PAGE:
Using PowerShell Classes 2

Starting in PowerShell 5, you can define PowerShell classes. You can use classes to create new objects, and by defining one or more “constructors”, you can easily initialize the newly created objects as well.

Let’s have a look:

class Employee
{
    [int]$Id
    [string]$Name

    Employee([int]$Id, [string]$Name)
    {
        $this.Id = $Id
        $this.Name = $Name
    }
    Employee ([string]$Name)
    {
        $this.Id = -1
        $this.Name = $Name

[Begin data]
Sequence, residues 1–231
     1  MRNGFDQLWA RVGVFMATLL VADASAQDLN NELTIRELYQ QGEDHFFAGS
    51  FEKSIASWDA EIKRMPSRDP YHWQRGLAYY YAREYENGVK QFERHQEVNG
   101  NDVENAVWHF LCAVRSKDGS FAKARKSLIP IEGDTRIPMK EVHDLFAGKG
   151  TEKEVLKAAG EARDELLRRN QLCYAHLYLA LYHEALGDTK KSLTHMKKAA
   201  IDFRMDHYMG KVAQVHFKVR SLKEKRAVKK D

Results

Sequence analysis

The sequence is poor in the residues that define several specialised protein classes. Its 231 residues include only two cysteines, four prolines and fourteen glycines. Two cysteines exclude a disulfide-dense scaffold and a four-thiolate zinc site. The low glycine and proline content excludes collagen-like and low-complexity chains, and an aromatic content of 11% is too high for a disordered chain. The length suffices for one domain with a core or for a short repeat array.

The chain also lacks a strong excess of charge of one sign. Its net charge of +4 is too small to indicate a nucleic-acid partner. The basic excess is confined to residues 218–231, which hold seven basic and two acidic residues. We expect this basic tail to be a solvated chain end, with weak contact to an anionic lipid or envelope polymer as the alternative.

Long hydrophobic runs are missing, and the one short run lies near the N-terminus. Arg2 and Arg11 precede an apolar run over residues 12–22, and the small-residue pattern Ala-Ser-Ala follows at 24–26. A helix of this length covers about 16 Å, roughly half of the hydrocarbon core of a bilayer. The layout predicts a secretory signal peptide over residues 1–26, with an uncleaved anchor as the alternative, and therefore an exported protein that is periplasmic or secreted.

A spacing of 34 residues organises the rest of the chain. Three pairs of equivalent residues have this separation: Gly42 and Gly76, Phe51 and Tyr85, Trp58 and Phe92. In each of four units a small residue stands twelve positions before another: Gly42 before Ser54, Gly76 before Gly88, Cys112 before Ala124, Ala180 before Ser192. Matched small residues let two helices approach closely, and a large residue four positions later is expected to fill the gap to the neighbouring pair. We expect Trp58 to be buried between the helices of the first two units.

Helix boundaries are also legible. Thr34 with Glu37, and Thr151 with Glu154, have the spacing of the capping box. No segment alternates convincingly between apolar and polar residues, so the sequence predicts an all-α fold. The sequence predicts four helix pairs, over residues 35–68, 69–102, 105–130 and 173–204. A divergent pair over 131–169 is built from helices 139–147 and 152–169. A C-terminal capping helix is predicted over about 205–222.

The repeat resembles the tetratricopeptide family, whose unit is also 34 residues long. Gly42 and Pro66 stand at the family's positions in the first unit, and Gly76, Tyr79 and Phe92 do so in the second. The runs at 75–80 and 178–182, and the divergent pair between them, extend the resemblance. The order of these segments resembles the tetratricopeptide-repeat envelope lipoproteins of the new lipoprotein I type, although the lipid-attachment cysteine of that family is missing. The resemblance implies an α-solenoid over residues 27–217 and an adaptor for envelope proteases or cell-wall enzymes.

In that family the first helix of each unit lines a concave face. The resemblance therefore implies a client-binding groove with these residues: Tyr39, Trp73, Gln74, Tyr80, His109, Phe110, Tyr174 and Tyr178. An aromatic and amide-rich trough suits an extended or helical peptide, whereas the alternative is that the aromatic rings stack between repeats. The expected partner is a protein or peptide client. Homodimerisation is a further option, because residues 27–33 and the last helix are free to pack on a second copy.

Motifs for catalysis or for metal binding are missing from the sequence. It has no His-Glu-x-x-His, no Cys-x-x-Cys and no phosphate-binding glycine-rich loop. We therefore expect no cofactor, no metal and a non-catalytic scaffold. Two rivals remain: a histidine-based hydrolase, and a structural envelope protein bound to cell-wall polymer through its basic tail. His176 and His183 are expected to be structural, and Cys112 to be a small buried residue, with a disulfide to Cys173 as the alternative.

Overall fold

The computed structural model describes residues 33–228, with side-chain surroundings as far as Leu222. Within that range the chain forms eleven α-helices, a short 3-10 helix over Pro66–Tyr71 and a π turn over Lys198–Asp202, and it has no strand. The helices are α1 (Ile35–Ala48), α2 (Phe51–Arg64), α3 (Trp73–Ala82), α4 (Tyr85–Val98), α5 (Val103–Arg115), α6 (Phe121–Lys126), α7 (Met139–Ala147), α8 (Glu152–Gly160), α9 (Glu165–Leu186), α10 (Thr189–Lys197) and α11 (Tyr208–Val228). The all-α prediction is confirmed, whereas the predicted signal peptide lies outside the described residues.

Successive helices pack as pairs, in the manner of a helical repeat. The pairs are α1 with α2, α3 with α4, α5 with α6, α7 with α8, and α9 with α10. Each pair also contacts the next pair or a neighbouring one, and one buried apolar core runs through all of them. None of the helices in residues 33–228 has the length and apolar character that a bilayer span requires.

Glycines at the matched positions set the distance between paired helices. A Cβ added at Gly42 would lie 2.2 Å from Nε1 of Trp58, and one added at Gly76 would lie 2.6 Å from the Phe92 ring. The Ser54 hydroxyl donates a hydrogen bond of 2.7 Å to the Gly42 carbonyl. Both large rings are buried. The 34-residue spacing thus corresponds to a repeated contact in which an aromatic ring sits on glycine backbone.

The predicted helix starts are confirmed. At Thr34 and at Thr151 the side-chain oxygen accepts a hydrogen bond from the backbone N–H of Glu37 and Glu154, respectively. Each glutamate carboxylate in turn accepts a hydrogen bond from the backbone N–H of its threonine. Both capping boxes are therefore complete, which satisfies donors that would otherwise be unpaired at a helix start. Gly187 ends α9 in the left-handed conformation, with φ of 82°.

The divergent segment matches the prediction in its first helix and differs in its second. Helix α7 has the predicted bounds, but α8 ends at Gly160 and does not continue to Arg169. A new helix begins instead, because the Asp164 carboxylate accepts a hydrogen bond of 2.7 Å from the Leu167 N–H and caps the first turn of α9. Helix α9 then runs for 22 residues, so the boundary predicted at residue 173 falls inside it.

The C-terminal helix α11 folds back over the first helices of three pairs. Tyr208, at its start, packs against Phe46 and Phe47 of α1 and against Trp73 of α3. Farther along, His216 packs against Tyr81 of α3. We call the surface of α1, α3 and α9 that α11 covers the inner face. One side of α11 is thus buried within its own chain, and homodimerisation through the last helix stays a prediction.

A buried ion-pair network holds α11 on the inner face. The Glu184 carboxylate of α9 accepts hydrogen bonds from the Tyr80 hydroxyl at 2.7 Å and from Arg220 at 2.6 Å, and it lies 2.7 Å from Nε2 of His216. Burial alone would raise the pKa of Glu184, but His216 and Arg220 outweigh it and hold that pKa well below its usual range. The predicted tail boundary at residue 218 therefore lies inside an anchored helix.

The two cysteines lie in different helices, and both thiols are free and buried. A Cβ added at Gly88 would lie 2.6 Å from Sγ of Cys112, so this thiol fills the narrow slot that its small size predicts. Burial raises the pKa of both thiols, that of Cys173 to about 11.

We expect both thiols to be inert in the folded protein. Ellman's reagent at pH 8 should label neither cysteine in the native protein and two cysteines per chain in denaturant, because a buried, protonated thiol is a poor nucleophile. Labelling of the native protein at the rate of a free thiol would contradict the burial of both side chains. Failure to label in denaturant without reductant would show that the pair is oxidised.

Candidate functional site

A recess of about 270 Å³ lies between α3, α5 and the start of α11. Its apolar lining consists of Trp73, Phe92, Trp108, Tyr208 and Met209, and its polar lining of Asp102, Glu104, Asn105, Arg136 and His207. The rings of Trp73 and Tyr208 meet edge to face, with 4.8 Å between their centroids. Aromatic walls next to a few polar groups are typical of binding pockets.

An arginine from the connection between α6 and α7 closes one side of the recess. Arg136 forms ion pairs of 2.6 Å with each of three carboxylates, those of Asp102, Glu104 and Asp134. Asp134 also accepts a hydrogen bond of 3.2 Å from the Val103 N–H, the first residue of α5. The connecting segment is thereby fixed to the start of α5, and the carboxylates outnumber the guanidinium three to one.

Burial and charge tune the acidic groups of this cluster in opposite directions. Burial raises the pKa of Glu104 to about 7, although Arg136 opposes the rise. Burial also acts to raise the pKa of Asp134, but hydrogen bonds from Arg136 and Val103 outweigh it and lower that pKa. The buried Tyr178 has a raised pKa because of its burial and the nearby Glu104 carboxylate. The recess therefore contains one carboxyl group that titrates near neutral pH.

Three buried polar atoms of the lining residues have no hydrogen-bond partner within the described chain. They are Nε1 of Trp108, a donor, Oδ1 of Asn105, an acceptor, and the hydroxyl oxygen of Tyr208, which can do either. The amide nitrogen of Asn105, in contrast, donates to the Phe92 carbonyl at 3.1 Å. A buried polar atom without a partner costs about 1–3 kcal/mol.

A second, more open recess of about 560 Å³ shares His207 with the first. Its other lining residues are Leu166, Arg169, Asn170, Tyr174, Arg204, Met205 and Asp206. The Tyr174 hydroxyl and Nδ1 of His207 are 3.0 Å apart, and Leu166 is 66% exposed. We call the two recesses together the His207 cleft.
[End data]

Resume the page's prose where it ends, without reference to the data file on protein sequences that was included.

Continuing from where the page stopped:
}
    Employee ()
    {
        $this.Id = -1
        $this.Name = 'Undefined'
    }
}

Once you run this code, there is a new class called “Employee” with three constructors. And here is how you can use the new class:

 
PS> [Employee]::new()

Id Name     
-- ----     
-1 Undefined



PS> [Employee]::new('Tobias')

Id Name  
-- ----  
-1 Tobias



PS> [Employee]::new(999, 'Tobias')

 Id Name  
 -- ----  
999 Tobias



PS> 
 

Each call is using a different constructor, and the class creates and initializes new objects for you accordingly.

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